There are several options available, which I have written about elsewhere, and they are not mutually exclusive.
The first is to engage with other States Parties to reform referral processes by which the ICC investigates cases. In Africa alone, 34 countries have ratified the Rome Statute; if co-ordinated, this would represent the most powerful bloc within the treaty. There is no reason why South Africa cannot harness this influence to encourage the court to investigate non-African situations (Palestine is an obvious instance) with more energy.
The second is to push for a political resolution to the question of whether serving heads of state should have immunity. Since the Bashir arrest debacle, South Africa has led a working group at the ICC’s Assembly of States Parties on this very matter. South Africa is – now again – well positioned to streamline the ICC’s consultation process with States Parties concerned about how to deal with immunities for serving presidents whose countries are not parties to the Rome Statute, such as Sudan.
The third is to push for more clarity from the UN Security Council when it refers situations to the ICC implicating a Head of State (like Bashir). The council ought to express itself unambiguously about the removal of immunities and the obligations regarding co-operation. It also needs to improve its consultation process with African states and the African Union in relation to ICC matters. South Africa is ideally suited to contribute to this process of reform.
The fourth is to continue pushing for UN Security Council reform. The ICC is undermined by the Security Council’s reluctance to refer cases involving major powers (hence the failure hitherto for investigation of crimes committed in Syria, despite the mounting tragedy unfolding there). Security Council reform is a long and difficult process, sure; but that process will become even longer and more difficult if countries like South Africa choose not to engage.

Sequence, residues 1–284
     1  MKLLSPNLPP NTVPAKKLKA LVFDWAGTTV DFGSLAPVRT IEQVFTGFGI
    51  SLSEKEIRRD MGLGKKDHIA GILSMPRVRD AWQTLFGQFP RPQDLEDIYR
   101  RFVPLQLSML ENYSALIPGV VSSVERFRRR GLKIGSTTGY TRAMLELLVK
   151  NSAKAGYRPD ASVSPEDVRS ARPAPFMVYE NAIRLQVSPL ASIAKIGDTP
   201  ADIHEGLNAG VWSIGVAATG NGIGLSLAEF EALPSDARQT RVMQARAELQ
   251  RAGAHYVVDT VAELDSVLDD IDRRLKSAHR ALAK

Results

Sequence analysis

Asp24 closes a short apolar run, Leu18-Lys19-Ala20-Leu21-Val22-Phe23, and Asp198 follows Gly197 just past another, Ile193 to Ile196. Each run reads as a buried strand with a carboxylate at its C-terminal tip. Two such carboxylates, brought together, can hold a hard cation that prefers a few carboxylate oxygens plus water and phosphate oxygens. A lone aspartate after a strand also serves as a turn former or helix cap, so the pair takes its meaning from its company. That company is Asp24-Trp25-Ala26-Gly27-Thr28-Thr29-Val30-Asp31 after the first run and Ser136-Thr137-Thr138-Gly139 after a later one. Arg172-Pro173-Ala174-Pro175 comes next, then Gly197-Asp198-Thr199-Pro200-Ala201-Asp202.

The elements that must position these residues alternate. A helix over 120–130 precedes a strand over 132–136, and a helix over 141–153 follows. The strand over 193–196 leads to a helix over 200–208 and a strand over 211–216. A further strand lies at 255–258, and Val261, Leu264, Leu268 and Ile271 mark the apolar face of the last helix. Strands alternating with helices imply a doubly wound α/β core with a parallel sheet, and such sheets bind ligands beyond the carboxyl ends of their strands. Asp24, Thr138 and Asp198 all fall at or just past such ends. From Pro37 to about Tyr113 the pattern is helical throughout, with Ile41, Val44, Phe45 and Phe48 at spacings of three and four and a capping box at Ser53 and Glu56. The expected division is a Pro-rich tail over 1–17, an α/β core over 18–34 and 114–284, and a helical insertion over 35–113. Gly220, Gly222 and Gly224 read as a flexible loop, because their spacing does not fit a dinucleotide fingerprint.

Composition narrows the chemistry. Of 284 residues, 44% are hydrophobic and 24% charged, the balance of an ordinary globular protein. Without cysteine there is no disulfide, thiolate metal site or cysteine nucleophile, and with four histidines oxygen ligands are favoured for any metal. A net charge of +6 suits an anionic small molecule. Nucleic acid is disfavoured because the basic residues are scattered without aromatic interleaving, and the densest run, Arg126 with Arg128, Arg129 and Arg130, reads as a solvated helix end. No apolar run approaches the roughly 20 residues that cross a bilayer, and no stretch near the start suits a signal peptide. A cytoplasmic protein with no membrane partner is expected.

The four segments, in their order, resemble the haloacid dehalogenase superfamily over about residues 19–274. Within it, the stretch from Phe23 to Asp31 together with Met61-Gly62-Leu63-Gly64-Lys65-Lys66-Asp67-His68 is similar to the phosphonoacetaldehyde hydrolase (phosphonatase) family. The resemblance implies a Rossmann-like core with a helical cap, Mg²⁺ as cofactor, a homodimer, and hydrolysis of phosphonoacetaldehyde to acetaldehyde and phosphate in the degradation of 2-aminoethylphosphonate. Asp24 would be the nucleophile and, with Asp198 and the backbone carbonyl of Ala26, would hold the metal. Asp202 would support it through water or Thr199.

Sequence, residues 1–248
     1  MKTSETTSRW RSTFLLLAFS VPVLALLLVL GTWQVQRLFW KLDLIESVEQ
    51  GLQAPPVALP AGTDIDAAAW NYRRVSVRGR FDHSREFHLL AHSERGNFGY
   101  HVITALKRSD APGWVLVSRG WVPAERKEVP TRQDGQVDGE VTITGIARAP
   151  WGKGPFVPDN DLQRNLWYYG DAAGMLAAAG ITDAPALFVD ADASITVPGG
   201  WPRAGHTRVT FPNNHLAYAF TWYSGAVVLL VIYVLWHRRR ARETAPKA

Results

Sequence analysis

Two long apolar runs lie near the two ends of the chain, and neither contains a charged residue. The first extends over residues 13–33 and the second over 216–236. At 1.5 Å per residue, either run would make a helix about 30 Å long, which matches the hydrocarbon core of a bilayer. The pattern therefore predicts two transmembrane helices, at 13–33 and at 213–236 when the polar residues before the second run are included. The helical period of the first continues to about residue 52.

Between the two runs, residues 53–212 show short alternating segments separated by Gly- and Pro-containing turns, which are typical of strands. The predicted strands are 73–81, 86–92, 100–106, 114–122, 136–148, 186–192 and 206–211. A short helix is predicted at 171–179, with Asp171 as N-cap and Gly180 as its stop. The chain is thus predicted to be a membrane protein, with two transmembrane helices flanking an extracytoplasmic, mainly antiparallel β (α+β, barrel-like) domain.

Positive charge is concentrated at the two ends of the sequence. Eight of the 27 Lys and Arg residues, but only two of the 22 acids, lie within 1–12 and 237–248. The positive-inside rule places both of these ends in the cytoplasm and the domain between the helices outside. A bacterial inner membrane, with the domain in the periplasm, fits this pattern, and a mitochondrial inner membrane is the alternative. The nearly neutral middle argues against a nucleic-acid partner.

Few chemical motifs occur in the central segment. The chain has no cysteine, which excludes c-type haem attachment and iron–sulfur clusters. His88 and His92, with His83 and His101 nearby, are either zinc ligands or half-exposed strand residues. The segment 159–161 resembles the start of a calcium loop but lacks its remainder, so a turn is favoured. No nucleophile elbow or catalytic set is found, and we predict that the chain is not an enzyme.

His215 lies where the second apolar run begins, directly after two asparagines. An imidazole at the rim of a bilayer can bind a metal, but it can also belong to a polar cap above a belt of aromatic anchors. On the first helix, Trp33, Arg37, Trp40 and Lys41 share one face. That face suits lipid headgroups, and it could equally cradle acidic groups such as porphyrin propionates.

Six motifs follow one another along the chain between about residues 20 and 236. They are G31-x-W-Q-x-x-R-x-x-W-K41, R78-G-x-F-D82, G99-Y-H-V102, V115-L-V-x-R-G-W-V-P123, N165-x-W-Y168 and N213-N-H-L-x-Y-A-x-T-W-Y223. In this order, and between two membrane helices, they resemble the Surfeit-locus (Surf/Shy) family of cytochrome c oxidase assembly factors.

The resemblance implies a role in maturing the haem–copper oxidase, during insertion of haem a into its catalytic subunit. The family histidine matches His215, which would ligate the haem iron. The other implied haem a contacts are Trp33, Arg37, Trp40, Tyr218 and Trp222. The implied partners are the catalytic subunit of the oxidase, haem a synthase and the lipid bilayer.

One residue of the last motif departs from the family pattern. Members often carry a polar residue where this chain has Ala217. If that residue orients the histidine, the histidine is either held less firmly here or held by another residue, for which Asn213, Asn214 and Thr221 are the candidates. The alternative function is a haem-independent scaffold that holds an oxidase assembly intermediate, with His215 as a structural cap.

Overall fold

This moment in time allows the South African government to put the embarrassing imbroglio of its ill-fated withdrawal in the past. The future of the court is at stake, and there is an opportunity for the government to continue engaging constructively to improve the ICC for the benefit of the court and its victims, and also to avoid further dishonour to South Africa. Whether the Zuma administration has the foresight or insight to do so is another question entirely. DM
This article was first published on Oxford Human Rights Hub.
Max du Plessis is a barrister in South Africa, honorary research fellow University of KwaZulu-Natal (Durban) and a senior research associate at the Institute for Security Studies. As a barrister in South Africa (and associate tenant, Doughty Street Chambers, London), Max has been working on domestic cases dealing with arrest warrants for senior government officials implicated in international crimes and litigating and advising on them in South Africa and other countries. He most recently acted on behalf of the Southern African Litigation Centre (SALC) in seeking to ensure that the South African government complies with its obligations to arrest President Bashir of Sudan – arguing against the government’s claim that Bashir has immunity from arrest under customary international law on account of him being head of state. He also acted for SALC in challenging the South African government’s decision to withdraw from the Rome Statute.
Photo: South African President, Jacob Zuma (2-R) and AU chair, Zimbabwe President Robert Mugabe (3-L) seen during the ‘Family photograph’ taken at the AU Summit in Sandton, Johannesburg, South Africa, 14 June 2015. EPA/KIM LUDBROOK